Wednesday, June 27, 2012

Writing Book Reviews

Get Creative with Book Reviews - How to Write for Fun Reading

In my quest to write better book reviews, I’ve been researching the internet for prompt questions, templates, suggestions etc. This is what I’ve found and how I have applied it to my review writing.

I tried to Google creative book review. I found a lot of information for school aged kids to write a book report or be creative with another type of book report, ie. writing on lettuce, singing a song, whatever you can think of, didn’t quite cross over to the blogging world. However, I wanted to be creative with my reviews so they were fun to read.

I then Googled character map thinking back to school when we talked about the characters of the books in a class discussion, etc. I found this map at:

Okay, getting somewhere, but I didn’t really want to writing a character analysis review. Talking about the characters were okay, but I didn’t think I should psychoanalyze each character and report to the blogging world.

So then I changed my Google search words and typed in “how to write a creative book review”. Much better results and I found the following articles:

There is a lot of information in these three posts, one being very basic and the other two getting fairly detailed. Well now I had the information I was looking for but I wanted to be able to write short, concise, fun reviews. Not the same review, each and every time. I decided to categorize the questions into similar topics and made a template with questions I will try to answer with each review. I choose only those questions I feel relate to the book and will help create an awesome review.

I have found that when I read review, I am one who likes to read a short review and so that is what I tend to write. I like variety when I write and when I read.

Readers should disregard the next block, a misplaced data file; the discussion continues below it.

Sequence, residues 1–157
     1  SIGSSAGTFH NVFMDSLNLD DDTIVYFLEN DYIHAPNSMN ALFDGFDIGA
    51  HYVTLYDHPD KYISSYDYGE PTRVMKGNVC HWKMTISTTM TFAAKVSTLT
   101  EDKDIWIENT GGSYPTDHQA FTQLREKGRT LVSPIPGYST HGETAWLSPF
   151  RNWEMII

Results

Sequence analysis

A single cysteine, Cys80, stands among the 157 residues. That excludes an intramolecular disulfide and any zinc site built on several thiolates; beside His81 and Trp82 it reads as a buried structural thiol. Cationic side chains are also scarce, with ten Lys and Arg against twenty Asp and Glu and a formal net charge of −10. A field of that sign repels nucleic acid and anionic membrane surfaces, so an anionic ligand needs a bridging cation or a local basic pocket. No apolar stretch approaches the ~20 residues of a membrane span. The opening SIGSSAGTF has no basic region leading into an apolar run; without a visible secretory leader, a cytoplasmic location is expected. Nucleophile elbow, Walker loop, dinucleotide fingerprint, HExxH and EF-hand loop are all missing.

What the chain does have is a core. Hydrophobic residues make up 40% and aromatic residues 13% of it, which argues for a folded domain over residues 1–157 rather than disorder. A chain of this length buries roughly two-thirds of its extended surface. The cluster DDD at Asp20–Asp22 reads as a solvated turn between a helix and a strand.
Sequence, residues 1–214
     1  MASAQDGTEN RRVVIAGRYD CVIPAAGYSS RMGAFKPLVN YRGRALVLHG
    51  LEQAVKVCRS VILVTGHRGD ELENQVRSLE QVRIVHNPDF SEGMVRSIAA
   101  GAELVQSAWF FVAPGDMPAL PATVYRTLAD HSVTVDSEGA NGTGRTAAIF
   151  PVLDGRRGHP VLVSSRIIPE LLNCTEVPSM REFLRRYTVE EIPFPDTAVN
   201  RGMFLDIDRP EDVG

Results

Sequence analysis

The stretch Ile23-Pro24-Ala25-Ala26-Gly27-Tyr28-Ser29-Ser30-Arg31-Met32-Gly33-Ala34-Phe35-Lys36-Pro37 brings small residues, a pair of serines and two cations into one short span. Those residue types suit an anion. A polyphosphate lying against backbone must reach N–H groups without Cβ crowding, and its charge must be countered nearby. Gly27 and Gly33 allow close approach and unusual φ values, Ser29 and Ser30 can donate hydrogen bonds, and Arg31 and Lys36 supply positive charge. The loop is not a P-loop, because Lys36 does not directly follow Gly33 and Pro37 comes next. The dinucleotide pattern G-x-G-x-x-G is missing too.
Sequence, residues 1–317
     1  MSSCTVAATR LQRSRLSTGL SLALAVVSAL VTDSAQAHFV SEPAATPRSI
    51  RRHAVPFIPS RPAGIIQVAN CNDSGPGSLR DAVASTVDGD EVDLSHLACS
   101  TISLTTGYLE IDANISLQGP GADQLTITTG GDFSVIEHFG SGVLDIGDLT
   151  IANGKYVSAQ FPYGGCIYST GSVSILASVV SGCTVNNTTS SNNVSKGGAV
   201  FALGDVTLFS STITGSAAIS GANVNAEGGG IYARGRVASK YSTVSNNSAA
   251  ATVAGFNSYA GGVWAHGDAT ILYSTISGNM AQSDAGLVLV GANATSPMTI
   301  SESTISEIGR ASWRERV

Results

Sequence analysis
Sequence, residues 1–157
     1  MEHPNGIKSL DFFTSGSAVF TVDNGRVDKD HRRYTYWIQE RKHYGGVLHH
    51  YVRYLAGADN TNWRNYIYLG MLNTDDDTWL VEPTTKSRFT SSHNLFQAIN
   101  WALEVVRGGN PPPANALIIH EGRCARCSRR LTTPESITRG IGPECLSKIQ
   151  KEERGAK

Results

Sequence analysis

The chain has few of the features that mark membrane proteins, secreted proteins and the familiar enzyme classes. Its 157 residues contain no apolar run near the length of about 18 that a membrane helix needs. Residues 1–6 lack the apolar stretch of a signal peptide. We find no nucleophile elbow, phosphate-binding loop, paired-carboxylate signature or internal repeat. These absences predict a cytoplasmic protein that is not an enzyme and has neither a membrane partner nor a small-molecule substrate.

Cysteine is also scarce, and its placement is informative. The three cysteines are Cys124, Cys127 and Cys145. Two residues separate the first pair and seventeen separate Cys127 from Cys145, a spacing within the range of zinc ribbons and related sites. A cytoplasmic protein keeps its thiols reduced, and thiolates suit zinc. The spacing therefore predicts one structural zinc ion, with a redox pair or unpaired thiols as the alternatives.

I recently came across a blog (didn’t make specific note) wherein the writer of the blog indicated they included spoilers in their reviews because they felt like they couldn’t address the good and bad of the book without doing so. That got me to thinking and many times I do struggle with writing a review because I am trying not to include any spoilers. In a recent review of mine, I was able to incorporate a spoiler that wasn’t necessarily a spoiler and thought that was a lot of fun.

Sometimes my reviews just come together very easy and eloquently. I love it and wish I could write reviews like that all the time. I know that after writing many reviews, especially if I love the book, I will be able to write an awesome review.

So, ending this post,

Do you use a template to write reviews?
Do you consistently review the same way each time?
Do you like to read or write long or short reviews?


  1. I prefer short review, and I do think I do the same kinds of things all the time. Thanks so much for sharing the links! Awesome idea! I'll definitely look into it!

  2. I think my review style changes all the time actually. It's different for every book really and I don't follow a specific structure. They do get quite long sometimes, but I generally prefer it that way. :)

  3. Fantastic post. I really enjoy writing book reviews. Like you, I don't like to include spoilers. The review is basically my honest opinion on the book. If I love a book I do find it easier to review. One of the links you share here advises to catch the readers attention with the first line in your review. That's good advice.
    Thanks for an interesting post!

  4. I generally write middle-length reviews, not too short but not too long, and I break it up with 3-5 paragraphs.

    Thanks for doing this post, learned a lot from it.

  5. Great post! I've been reviewing for two years and it's hard to find a reviewing style that fits you and your readership at the same time.

    I use a template. I use the synopsis from GoodReads, point out what I liked and what I didn't like. I also try to make recommendations on who the book would be good for and who might want to avoid the book.

    I like to both read and write shorter reviews.

  6. I use a design. I use the summary from GoodReads, factor out what I liked and what I didn't like. I also try to create suggestions on who the guide would be excellent for and who might want to prevent the guide.
    RS 2007 Gold